Dustin Pedroia has agreed to a seven-year, $100-million contract with the Boston Red Sox, keeping the 29-year-old in Boston through 2021.
WEEI, which first reported the agreement, said [the contract] is worth $100 million and begins after Pedroia’s current deal expires following the 2014 season.
Pedroia has been emerging as the face of the Red Sox franchise since his first full season in 2007, when he was named rookie of the year. The following season, he led the league in hits, runs scored and doubles as he made the All-Star Game in the first of four occasions, won the American League MVP, and earned Gold Glove and Silver Slugger honors.
Now in his eighth year with Boston, Pedroia, 29, has shown little sign of slowing down. He’s batting .308 and, after battling injuries in recent seasons, has played in all but one of the Red Sox’s games. Pedroia signed a six-year, $40.5 million extension in December 2008 that will pay him $10 million in 2014. The new contract eliminates a 2015 club option of $11 million from his previous deal.
He’ll be 38 when his extension expires.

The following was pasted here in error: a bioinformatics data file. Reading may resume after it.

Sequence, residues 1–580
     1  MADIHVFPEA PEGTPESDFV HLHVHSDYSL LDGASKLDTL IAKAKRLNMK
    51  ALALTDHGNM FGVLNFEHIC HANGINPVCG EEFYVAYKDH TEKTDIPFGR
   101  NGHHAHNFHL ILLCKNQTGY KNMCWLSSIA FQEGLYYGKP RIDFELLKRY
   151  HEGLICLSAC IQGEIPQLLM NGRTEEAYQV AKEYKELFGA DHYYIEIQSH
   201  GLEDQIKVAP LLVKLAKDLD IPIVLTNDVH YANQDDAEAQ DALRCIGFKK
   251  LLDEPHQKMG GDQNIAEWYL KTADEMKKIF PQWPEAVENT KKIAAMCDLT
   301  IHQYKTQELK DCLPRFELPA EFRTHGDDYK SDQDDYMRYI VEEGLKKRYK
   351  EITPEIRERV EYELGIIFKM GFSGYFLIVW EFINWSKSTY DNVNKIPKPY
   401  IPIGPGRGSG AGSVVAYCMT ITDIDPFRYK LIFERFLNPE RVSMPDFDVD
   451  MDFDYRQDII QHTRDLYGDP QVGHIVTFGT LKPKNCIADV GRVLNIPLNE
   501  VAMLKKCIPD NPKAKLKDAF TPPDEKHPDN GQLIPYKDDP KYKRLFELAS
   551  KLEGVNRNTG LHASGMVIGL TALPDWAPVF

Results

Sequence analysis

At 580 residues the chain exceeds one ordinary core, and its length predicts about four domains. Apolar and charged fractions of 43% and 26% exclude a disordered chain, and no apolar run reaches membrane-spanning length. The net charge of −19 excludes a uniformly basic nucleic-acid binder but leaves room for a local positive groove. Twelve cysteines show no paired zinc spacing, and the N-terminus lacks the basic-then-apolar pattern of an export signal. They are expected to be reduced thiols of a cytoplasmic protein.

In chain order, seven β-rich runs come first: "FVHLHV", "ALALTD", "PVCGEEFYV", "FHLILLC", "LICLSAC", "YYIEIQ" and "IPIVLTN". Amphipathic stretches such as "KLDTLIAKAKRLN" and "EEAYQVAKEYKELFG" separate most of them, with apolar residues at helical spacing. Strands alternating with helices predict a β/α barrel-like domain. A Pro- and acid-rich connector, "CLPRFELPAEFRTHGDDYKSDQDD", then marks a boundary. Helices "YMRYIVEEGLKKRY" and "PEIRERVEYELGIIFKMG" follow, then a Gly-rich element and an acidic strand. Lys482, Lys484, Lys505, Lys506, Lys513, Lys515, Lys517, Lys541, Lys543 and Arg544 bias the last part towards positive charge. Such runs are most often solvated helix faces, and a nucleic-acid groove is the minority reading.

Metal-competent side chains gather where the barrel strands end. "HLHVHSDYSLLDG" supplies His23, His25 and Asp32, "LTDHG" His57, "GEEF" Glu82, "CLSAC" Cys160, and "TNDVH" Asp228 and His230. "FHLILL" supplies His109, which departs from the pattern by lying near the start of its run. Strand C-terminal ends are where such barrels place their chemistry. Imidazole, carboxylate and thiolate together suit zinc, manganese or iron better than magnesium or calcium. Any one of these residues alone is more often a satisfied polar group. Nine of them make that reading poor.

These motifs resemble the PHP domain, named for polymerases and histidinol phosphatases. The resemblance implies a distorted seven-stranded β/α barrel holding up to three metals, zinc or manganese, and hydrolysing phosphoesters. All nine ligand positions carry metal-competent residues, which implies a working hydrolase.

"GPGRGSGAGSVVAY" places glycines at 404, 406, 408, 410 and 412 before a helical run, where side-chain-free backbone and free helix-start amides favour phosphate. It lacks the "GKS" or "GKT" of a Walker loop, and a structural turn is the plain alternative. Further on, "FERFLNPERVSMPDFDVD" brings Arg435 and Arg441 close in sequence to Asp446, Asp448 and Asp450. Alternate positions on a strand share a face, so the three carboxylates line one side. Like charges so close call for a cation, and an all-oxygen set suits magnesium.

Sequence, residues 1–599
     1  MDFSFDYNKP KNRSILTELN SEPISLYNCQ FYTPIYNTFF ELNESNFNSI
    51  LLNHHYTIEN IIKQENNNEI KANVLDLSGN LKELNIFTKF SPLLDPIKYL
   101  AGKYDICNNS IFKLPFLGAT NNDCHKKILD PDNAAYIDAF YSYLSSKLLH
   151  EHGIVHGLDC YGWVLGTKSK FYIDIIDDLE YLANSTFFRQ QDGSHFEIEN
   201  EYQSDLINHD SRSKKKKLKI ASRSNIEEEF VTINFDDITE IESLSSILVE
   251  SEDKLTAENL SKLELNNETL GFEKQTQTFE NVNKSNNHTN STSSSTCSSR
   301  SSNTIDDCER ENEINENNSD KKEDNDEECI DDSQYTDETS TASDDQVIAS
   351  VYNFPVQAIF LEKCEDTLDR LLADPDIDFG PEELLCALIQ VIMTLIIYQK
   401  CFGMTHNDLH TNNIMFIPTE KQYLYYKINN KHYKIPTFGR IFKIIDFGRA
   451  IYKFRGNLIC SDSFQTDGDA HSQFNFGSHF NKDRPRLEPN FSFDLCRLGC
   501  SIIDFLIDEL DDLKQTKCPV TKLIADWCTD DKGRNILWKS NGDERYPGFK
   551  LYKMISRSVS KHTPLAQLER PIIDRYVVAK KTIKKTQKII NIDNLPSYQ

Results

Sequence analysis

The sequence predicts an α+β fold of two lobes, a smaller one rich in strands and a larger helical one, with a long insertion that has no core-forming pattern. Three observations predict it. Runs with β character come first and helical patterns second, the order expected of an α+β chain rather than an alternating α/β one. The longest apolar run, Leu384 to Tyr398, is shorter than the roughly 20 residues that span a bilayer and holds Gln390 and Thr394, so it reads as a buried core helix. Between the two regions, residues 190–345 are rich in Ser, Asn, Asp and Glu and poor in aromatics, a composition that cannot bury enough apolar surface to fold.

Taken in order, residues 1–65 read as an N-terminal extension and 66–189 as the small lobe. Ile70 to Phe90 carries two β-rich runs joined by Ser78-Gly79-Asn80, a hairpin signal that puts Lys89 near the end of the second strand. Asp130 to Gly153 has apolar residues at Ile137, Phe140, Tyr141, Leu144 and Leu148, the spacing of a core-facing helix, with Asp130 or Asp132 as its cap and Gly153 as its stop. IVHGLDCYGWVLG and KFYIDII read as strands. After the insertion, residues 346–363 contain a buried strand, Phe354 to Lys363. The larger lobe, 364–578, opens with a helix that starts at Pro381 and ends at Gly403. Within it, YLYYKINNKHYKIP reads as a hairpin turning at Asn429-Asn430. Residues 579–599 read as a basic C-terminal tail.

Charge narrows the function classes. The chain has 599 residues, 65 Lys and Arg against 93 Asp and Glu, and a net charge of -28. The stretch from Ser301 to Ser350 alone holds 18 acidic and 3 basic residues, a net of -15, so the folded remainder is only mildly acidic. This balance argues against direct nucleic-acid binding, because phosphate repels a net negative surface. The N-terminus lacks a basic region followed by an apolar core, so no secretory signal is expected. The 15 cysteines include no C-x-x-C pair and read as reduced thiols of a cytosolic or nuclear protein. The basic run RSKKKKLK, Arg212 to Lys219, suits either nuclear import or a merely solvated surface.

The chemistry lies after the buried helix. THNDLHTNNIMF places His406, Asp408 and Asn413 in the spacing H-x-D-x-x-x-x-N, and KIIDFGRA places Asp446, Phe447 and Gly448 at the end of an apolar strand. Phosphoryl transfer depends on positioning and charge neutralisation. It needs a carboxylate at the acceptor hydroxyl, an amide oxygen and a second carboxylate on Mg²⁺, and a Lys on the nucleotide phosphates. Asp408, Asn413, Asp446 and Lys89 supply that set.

Pedroia was drafted in 2004 by the Red Sox and made his major league debut in 2006. A four-time all-star, Pedroia helped Boston win the 2007 World Series.
A second-round pick of the Red Sox in the 2004 amateur draft, Pedroia made his major league debut in August 2006. He hit .191 in 31 games that season then had his breakout season in 2007 when Boston won its second World Series championship in four years. He hit .317 with eight homers and 50 RBI.
He did even better in 2008 with a .326 batting average, 17 homers and 83 RBI, winning a Gold Glove and Silver Slugger award.
In 2011, Pedroia posted career highs of 21 homers and 91 RBI with a .307 batting average. He dipped slightly last year with a .290 average, 15 homers and 65 RBI as the Red Sox finished in last place in the AL East with a 69-93 record under manager Bobby Valentine.
Boston has become home for Pedroia, who was born in Woodland, Calif. and played college baseball at Arizona State University.
Pedroia wants to be in the same uniform as — and perhaps someday be enshrined in Cooperstown with — Bobby Doerr and go down as one of the greatest Red Sox second basemen ever. Doerr spent all of his 14 seasons with the Sox. He was 33 when he retired following the 1951 season.
“It’s really important,” said Pedroia of remaining in Boston. “The Red Sox drafted me and a lot of teams passed on me because of my size and stuff like that. It’s pretty important. That’s why I want to work as hard as I can to make sure that they made the right choice in drafting me and me being here my whole career.
“I’m a pretty loyal guy. I love being here. I live and die by this team. It’s important to me to be here my whole time. I want to be in a place that’s special to me and this place has been that.”